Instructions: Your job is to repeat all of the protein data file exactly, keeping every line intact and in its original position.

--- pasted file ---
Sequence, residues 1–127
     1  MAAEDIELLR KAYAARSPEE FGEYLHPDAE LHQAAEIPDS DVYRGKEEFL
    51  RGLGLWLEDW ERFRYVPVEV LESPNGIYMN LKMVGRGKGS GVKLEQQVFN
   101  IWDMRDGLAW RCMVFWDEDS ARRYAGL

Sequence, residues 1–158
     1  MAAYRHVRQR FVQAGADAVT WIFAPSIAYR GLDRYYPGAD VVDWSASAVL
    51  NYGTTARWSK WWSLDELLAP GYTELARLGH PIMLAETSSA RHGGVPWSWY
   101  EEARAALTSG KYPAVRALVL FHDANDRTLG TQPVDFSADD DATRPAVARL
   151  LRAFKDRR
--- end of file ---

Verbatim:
Sequence, residues 1–127
     1  MAAEDIELLR KAYAARSPEE FGEYLHPDAE LHQAAEIPDS DVYRGKEEFL
    51  RGLGLWLEDW ERFRYVPVEV LESPNGIYMN LKMVGRGKGS GVKLEQQVFN
   101  IWDMRDGLAW RCMVFWDEDS ARRYAGL

Sequence, residues 1–158
     1  MAAYRHVRQR FVQAGADAVT WIFAPSIAYR GLDRYYPGAD VVDWSASAVL
    51  NYGTTARWSK WWSLDELLAP GYTELARLGH PIMLAETSSA RHGGVPWSWY
   101  EEARAALTSG KYPAVRALVL FHDANDRTLG TQPVDFSADD DATRPAVARL
   151  LRAFKDRR